August 2010

Eugene Robinson

Commentator, Columnist and Associate Editor

Eugene Robinson is a Pulitzer Prize-winning columnist and associate editor of The Washington Post and a commentator for MSNBC. His twice-weekly column on The Post’s Op-Ed page was launched in February 2005, and within a year it was being syndicated to more than 130 newspapers – making it, by far, the fastest-growing column in the history of the Washington Post Writers Group.

Robinson has been an MSNBC commentator since January 2008, appearing several times a week on shows including “Hardball,” “Countdown with Keith Olbermann” and “The Race for the White House,” as a contributor to the network’s coverage of the presidential campaign and President Barack Obama’s first term. He won the 2009 Pulitzer Prize for columns he wrote about the presidential campaign and the election of President Obama.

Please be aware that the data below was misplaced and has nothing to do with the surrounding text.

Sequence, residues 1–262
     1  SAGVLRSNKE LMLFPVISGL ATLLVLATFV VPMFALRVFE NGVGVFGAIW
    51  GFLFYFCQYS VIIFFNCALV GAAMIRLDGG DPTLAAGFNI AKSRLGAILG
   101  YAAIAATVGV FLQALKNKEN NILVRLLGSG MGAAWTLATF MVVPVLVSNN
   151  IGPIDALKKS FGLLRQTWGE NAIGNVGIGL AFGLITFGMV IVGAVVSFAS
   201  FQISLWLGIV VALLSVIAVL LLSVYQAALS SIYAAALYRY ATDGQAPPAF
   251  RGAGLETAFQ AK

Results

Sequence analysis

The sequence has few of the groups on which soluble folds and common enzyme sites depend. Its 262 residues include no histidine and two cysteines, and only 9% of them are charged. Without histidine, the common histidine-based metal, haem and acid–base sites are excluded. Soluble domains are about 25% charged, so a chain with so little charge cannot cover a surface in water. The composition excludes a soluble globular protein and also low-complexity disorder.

A 29-year veteran of The Post, Robinson began his distinguished journalism career at the San Francisco Chronicle, and after joining The Washington Post in 1980 as city hall reporter, he served as an assistant city editor, South America correspondent based in Argentina, London bureau chief, and as foreign editor. He is a frequent guest on NBC’s “Meet the Press,” CNN and other media outlets. His essays on politics, culture and events have helped shape the debate on issues such as the war in Iraq, the limits of presidential power and the rebuilding of the hurricane-ravaged Gulf Coast. Robinson was also a Neiman Fellow in Journalism at Harvard University.

Robinson was born and raised in Orangeburg, S.C, graduated from Orangeburg High School, as one of a handful of black students on the previously all-white campus; and the University of Michigan, where he was the first black student to be named co-editor-in-chief of the award-winning student newspaper, The Michigan Daily.

Robinson is a member of the National Association of Black Journalists and has received numerous journalism awards. He is the author of two books: Coal to Cream: A Black Man’s Journey Beyond Color to an Affirmation of Race (Free Press, 1999); and Last Dance in Havana (Free Press, 2004). Robinson is married, has two sons, and lives in Arlington, Virginia.